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Wine Icon Judy Jordan Launches Social Entrepreneur Wine and Mentorship Venture at her New Vineyard

photography courtesy of GEODESY WINE

Judy Jordan's new vineyard Geodesy
Judy Jordan, the founder of J Vineyards & Winery, is starting a new chapter in her life with the launch of a nonprofit program known as WG Edge

Judy Jordan is one of the pioneers of women in wine. When she launched Sonoma’s iconic sparkling wine house in 1986, she was just 26 years old. Wine was very much a man’s world. While she was studying geology at Stanford University, her father, Tom Jordan, started Jordan Winery, known for its luscious Bordeaux style Cabernet blends. Judy was fascinated by terroir, but her family was traditional, and her father planned to pass the winery to his sons. However, he also saw Judy’s passion and took a progressive approach, helping her launch the new vineyard J Vineyards & Winery.

Judy Jordan founder of Geodesy Vineyard

“When I started J, I didn’t know what I was doing,” Jordan said with a laugh.

Her father mentored her on the winemaking, while Lew Platt, the then CEO of Hewlett-Packard (HP), whom Jordan met while hosting a private tasting in Silicon Valley, schooled her on the finer points of business.

“I couldn’t have done it without either of them,” Jordan said. “But I realized that very few women of my generation had female mentors, and I wanted to change that for the next generation of young women.”

Jordan first got interested in mentoring when she started a mentorship program at J Vineyards for the children of employees.

“I fell in love with it. It was so much fun,” Judy Jordan said. “In 2015, I was in my early 50s and realized I was young enough to have another adventure. As much as I loved J, I always wanted to do more with young women and leadership.”

With the sale of J Vineyards to E. & J. Gallo, Jordan was ready to step into the shoes of a social entrepreneur with the launch of WG Edge, a nonprofit program for young women pursuing careers in agriculture and viticulture that funds scholarships and provides programming and a network of amazing women mentors and leadership counselors.

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Judy Jordan's foundation for women WG Edge

Currently, the nine women in the program are all studying at Santa Rosa Junior College in the acclaimed agriculture program. WG Edge also provides a series of health and wellness workshops for the group and access to some of the most powerful women of Wine Country with real-world knowledge and expertise.

“It’s really all about connection,” Judy Jordan said. “We have this amazing village of women who are all at the height of their careers and giving back and supporting the young women in the program.”

To fund her new nonprofit, Jordan put on her entrepreneurial hat and created Geodesy. This new wine company has two vineyards in Oregon and one in Napa. Scott Zapotoky, the former winegrower at J, and Megan Baccitich, the former winemaker at Paul Hobbs, are the viticulture dream team behind the small-batch Chardonnay, Pinot Noir and Cabernet Blends of Geodesy.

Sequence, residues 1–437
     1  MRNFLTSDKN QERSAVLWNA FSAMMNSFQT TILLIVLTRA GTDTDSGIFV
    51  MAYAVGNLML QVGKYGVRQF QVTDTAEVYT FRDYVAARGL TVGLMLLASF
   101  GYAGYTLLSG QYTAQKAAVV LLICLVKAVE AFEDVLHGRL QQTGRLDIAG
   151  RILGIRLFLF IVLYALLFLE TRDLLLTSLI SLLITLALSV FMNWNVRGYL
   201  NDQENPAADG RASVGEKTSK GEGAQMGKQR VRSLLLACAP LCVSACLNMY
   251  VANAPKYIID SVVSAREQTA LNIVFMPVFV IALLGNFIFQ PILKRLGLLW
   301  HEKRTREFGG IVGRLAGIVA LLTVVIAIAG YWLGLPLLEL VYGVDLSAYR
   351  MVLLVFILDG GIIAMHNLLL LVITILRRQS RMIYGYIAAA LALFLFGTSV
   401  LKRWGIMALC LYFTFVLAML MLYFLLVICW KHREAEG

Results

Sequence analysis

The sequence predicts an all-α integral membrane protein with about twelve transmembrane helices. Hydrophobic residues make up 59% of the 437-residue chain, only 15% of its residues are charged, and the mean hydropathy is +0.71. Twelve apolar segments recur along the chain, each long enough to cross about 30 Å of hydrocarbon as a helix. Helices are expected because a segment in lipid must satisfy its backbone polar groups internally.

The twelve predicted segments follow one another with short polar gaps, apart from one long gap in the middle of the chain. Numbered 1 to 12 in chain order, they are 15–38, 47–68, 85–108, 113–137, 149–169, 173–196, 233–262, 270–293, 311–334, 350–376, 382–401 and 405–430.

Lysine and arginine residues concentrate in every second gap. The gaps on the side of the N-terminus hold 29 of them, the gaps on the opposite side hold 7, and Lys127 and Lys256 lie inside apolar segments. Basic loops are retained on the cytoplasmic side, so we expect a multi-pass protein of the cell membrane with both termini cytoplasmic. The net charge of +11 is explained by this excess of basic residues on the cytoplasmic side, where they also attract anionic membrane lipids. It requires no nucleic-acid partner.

The new wine venture gave Jordan and the winemaking team a chance to flex their creativity.

The new wine venture gave Jordan and the winemaking team a chance to flex their creativity, as Jordan purposely chose vineyard locations that would push her out of her Russian River comfort zone.

“We are all classically trained, and we came from wineries where we had a specific brand style that needed to be maintained,” Jordan said. “With Geodesy, we can apply our classical training, experience and high standards outside a set framework. We allow each vintage to speak for itself.”

While only a few hundred cases are made each year, 100 percent of the profits go to support the women in WG Edge.

“It’s a very customized, competitive program. It’s like creating high-end wine in small quantities,” Judy Jordan said.

Geodesy Eola Springs Chardonnay Judy Jordan's new vineyard

Those wishing to join the program must express a true interest in agriculture and technology and a willingness to stay in the Napa and Sonoma area to use what they learn to continue to nurture the Wine Country community through new vineyard endeavors.

Napa and Sonoma certainly need some nurturing after the devastating fires that roared through the area in late summer. The fires were devastating to Geodesy’s Napa vineyard. Half the vineyard burned. They lost 20 percent of the vines and made the decision to not harvest at all in 2020.

With the ever-growing climate challenges in the area, Jordan is even more convinced that the WG Edge program is fulfilling a major need.

Geodesy Vineyard terrior founder Judy Jordan

With the ever-growing climate challenges in the area, Jordan is even more convinced that the WG Edge program is fulfilling a major need.

“It’s harder than ever for small farms and wineries to survive. We have to do everything we can to keep this community vibrant. We need the next generation to stay in the area,” Jordan said.

And thanks to Judy Jordan’s social entrepreneurism and the WG Edge program, she’s creating a path for that to happen.

“With this new venture, I feel like myself, my children and my team are the roots of the vine. Geodesy wines are the stock, and the fruit is the women who will ultimately flourish through the program,” Jordan said.

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